Aquamation (Alkaline hydrolysis) is a gentle, water-based method of accelerating the natural process which occurs over time when a pet is naturally buried. Using water, potassium, and sodium salts, the organic matter of the body is reduced to dissolved salts and calcium phosphate bone “ash”.
The process uses 90% less energy than flame-based pet cremation, no harmful greenhouse
gases or mercury emission, and eliminates all chemicals or diseases that might be present at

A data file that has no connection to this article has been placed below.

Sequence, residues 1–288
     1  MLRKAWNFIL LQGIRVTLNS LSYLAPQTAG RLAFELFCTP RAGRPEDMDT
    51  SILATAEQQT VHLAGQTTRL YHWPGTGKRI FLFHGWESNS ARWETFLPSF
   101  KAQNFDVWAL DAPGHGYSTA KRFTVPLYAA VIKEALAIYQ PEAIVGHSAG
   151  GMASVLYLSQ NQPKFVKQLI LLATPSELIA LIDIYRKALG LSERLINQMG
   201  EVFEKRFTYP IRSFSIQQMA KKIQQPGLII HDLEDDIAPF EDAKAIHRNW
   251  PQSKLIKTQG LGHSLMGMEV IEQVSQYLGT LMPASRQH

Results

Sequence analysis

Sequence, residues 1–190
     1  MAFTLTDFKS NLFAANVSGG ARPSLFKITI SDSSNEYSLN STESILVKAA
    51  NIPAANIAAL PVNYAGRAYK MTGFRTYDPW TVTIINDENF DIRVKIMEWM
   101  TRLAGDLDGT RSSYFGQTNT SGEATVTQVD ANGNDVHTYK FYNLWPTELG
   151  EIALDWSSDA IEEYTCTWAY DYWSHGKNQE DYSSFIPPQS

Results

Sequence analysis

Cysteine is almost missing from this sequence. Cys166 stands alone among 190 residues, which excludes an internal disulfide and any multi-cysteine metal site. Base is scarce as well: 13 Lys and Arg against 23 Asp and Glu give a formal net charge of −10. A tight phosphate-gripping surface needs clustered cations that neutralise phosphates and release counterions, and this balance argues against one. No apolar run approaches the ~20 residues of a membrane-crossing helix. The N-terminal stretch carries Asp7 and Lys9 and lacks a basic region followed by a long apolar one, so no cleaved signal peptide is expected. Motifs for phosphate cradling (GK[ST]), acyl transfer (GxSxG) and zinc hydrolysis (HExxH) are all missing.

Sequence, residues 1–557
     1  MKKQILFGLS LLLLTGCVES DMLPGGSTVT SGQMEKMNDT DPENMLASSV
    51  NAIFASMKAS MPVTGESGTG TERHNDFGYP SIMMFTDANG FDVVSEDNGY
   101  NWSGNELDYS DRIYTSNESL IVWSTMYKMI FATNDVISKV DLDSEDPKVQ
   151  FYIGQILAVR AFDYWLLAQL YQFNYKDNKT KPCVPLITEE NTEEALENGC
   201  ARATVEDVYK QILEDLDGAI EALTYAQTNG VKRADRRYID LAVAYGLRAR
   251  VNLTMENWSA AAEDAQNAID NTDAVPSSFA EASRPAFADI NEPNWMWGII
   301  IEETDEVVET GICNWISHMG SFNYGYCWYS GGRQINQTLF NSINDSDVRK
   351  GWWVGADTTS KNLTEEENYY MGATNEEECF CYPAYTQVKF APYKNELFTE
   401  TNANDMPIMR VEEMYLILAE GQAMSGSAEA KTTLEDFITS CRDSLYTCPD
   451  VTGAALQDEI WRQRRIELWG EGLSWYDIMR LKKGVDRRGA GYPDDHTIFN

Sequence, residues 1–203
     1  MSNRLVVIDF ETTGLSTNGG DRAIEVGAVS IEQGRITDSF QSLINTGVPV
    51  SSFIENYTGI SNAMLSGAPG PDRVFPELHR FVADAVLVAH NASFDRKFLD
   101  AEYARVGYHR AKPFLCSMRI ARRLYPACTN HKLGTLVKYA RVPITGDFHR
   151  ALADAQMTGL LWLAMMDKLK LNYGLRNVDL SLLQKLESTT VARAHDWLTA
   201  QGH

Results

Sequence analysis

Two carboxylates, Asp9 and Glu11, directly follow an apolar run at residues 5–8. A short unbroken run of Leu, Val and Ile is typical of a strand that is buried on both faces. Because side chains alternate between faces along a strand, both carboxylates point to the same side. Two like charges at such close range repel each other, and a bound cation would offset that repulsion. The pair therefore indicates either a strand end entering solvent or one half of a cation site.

the time of death (including viruses, bacteria, chemotherapy agents, euthanasia solution, and
medications.) The water byproduct, or effluent, is shown to improve municipal water systems. The effluent may also be used as a natural, chemical free fertilizer.
Aquamation was originally patented in 1888, however only in recent years has it gained increasing popularity within households. Aquamation was used to dispose of the cattle impacted by the mad cow epidemic, as it was one of the best methods to neutralize the mad cow pathogen. Many universities have been using aquamation for final remains processing of both humans and animals.